The reality is that most redfish, probably 70% of them, are hooked 20 to 50ft from the boat. Of the remaining fish, 20% are hooked at less than 20ft. And maybe 10% are hooked at more than 50ft. There are several reasons for that. One is that most anglers have a tough time casting much more than 50ft with accuracy in a high-pressure situation. Another reason, is that most redfish are spotted within the 50ft range...hey, they’re sneaky. It’s also harder to feel a redfish eat and set the hook at those farther distances.
When you practice, focus on quick, accurate casts at realistic distances. We’ll talk a little bit more about that in rest of this article.
4) Practice accuracy at realistic distances. Grab some paper plates or some cheap hula hoops from the dollar store. Scatter them out in different directions from 10ft to 60ft, and practice hitting them. I’m not kidding about the 10ft casts. Okay, it’s not really a “cast”, but figure out what you’re going to do when you have a redfish pop up 10ft away and you have 3 seconds to put a fly in front of him.
Put one out at 80ft and practice it too. That 80ft shot is probably one that you’ll never make on the flats, but if you can make an 80ft cast in your yard, you’ll able to make a 50ft cast on the water with the wind in your face.
Now imagine your paper plate is a redfish. Don’t try to hit the plate, try to lead the plate and drag it across his nose. I get a lot of anglers on the water who cast directly to the fish, because they are used to casting directly to a target. If you are casting at the fish in real life, then your fly will either land behind him, or on him. I surveyed 100 redfish, and 99 of them said they do not like being beaned in the head with a Clouser.
Unless you’re trying to fix a casting issue, don’t watch your back cast. Learn to feel the back cast so that you can keep your eyes on the fish…or better yet, the area where your fish is going to eat your fly.
5) Practice with a weighted fly. Take a crab pattern or a Clouser and clip the point off. Practice making your fly land on the target. Practice getting your leader to lay out straight. There is a huge difference between practicing with a weighted fly and a fly-less leader.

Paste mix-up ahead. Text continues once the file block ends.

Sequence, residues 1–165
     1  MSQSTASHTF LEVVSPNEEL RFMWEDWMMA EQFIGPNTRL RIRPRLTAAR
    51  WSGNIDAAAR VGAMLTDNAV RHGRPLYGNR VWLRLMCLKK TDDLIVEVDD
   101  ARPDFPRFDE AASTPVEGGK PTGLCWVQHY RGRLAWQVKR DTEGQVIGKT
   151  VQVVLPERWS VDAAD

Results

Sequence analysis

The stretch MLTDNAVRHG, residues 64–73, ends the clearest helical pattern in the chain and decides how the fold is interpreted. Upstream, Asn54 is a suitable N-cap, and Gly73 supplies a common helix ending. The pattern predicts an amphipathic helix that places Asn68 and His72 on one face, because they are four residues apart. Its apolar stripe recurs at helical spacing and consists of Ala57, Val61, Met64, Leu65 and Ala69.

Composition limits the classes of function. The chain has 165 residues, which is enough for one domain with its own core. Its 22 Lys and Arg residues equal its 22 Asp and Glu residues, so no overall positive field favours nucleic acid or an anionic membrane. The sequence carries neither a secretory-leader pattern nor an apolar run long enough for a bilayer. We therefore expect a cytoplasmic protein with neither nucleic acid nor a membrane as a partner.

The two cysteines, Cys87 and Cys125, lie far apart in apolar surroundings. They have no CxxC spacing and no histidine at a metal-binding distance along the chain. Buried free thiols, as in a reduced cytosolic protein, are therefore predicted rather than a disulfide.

6) Learn to double haul. Like really learn it. It will reduce your false-casts, increase your speed of delivery, increase your distance, and increase your accuracy. If you don’t know how, then get someone to show you in person. I’m happy to teach anyone the double haul on a charter, but that is not the time to learn it, plain and simple.
If you are double hauling incorrectly, you are usually worse off than not double hauling at all. The most common thing I usually see, is an angler hauling on his back-cast, and then trying to feed the line back on his forward cast, causing slack and loss of rod load and speed.
I want to say this in the nicest way possible, because I truly and deeply care about you and your experience on a redfish trip. If you pay a guide $500/day to stand on his skiff and be poled to redfish, and you can’t double haul, you just paid for a sight-seeing tour of the marsh. It’s that important. I am more than happy to take you on a sight-seeing tour of the marsh, but I’m pretty sure you came to catch fish.
7) Keep it at 1-3 false casts. Any more than that and you are really hurting your odds of getting a fish to eat. I’ve seen anglers with beautiful loops, that took 17 false-casts to deliver…by the time the fly hit the water, the redfish had died of old age.
How do you make a 60ft cast into the wind with one false cast? By perfecting your double-haul.
8) Never lose contact with your fly line. A lot of anglers do their final double haul and let loose of the line as it shoots out of their guides. When the fly lands in front of the fish, they take their eyes off the fish to grab their line and start stripping. Even worse, sometimes the line is wrapped around the reel foot or fighting butt and has to be untangled. Where’s the fish at this point? “He-gone.”
When you shoot your line, form your thumb and index finger into a circle and let the line shoot through it. As the line unrolls and starts to fall to the water, close your fingers and you have control of the line again the second it touches the water. On top of that, you can feather the line through your fingers at the end of your cast to put the breaks on it and kick your leader out straight. Just like how bass anglers feather a baitcasting reel with their thumb.
8-1/2) Line management. There is nothing more frustrating than making a cast to a fish, and the cast coming to a stop 10ft short, because your line is wrapped around something. Your fly line is like your child, you should always be aware of where it is at all times. Some skiffs will have a line management device such as a bucket, a mat or deck spikes, but even if they don't, it's still your job to make sure the line stays in the boat. Fly lines love to wander off of a boat deck and either end up wedged between the boat hull and the mud, or wrapped around a trim tab. Make your guide happy, keep your fly line in the boat when not casting.